Civil Military relations
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Imtiaz Gul |

Pakistan’s state institutions have yet to learn the art of strategic communication. The confessional video statement of the once-dreaded TTP spokesperson, Ehsanullah Ehsan that rang on the national media outlets for days and the GHQ reaction over the government notification with regard to the Dawn Leaks offer two glaring examples of the clumsy way the security establishment handles extremely sensitive matters.

Even a layman can figure out that the story by Cyril Almeida was not a startling revelation at all. And if it came through official sources, the sanction for such a plant must have come from the top.

The instant tweet on Saturday by the GHQ spokesperson Major General Asif Ghafoor saying “the notification (by the government on Dawn Leaks) is rejected” only embarrassed all those who have been saying all along that the military has now adjusted to the new political realities and is taking the backseat as far as national security matters are concerned. Rejection of prime ministerial order is one thing. Making this “displeasure” public through the media is an altogether different ball game; a move that paints the GHQ negatively and reinforces the old perceptions that it dislikes, if not abhors, civilian government actions if they are not up to its satisfaction.

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Replacing the Operation Zarb-e-Azb with Operation Radd-ul-Fasaad was an unnecessary and cheap ploy to create Gen Bajwa legacy.

Even a layman can figure out that the story by Cyril Almeida was not a startling revelation at all. The treatment of the information strewn by the story was unusual though. And if it came through official sources, the sanction for such a plant must have come from the top. It’s simply preposterous to believe that former information minister Pervez Rasheed, or Tariq Fatemi, the adviser or the PIO would have the guts to pass on such information on their own.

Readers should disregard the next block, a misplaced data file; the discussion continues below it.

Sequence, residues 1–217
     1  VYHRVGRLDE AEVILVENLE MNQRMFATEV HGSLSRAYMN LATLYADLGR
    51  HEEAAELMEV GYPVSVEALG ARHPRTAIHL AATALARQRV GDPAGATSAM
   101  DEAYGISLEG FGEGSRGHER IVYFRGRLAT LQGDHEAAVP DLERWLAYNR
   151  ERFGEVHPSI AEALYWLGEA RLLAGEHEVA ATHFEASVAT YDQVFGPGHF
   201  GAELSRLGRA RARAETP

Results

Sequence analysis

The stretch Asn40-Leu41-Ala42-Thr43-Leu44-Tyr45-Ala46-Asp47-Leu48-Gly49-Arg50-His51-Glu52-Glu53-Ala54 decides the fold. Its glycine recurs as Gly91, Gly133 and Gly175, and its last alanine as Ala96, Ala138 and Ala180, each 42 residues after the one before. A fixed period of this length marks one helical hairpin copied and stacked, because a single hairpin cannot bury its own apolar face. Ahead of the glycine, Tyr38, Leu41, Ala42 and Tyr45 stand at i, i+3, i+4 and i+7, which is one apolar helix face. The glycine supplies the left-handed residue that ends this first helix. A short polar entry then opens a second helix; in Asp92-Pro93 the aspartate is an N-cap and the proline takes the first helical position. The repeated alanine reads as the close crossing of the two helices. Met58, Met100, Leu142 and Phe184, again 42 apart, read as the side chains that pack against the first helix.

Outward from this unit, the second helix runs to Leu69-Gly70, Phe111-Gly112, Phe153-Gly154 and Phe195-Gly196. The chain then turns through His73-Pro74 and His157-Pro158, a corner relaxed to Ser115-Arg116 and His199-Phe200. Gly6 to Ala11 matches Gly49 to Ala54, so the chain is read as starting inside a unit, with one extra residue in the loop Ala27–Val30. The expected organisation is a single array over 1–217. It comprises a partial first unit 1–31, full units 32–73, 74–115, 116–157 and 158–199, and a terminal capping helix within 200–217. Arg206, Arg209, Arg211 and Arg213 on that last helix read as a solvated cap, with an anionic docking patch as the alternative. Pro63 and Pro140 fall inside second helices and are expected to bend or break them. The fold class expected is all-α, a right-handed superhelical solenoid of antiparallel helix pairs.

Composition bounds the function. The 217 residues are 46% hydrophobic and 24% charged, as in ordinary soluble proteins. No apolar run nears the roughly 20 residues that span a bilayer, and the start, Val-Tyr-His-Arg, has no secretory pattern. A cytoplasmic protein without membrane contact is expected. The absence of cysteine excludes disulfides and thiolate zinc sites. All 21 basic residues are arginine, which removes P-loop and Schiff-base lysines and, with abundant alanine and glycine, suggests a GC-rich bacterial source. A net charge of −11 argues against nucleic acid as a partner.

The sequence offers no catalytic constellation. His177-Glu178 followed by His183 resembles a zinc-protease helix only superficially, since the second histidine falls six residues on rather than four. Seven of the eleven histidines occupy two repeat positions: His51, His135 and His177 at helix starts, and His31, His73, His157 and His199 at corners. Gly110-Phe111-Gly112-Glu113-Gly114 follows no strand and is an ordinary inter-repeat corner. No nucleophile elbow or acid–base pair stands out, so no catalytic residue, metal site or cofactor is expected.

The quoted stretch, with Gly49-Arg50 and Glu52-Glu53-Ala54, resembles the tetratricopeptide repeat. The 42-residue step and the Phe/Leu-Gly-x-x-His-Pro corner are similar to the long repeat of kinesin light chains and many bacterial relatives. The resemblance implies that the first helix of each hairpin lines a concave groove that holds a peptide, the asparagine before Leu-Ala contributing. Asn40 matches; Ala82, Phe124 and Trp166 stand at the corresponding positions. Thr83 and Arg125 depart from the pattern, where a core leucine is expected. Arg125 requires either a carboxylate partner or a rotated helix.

But coming back to communication modus operandi by the GHQ, particularly since General Raheel Sharif’s days, this raises many eyebrows as well as questions. Even replacing the Operation Zarb-e-Azb with Operation Radd-ul-Fasaad was an unnecessary and cheap ploy to create Gen Bajwa legacy.

Major General Ghafoor’s quick tweet of rejection also flows from the same strategy. It, therefore, drew quite a bit of flak from all and sundry for the simple reason that – even if the GHQ was unhappy or wanted to create a façade of rejection – it didn’t have to do so through a social media forum.

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Nothing could be more embarrassing for Pakistan than an openly expressed disagreement between the GHQ and the Prime Minister’s Office. And it rang through the global social media as well.

It should have been avoided and kept only to confidential channels, even if there were primary differences.

Strategic communication demands to keep such exposures limited, let the print and electronic media post-mortem and dissect it with comments and analysis without allowing the person any more direct space on the media.

Secondly, if the government believes that as the supreme executive authority it did the right thing, it should not have then spoken through Interior Minister Nisar Ali Khan; he did disapprove of the notification from the PM House, but saying that “his ministry was supposed to issue that order” left a big hole in the civilian narrative.

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Instead of “correcting“ themselves, the civilians should have called for the head of the ISPR for “rejecting the notification”. But they did not and, instead, changed the argument. Why, one would ask? Why should the chief executive shy away from action against a government functionary such as Gen. Ghafoor?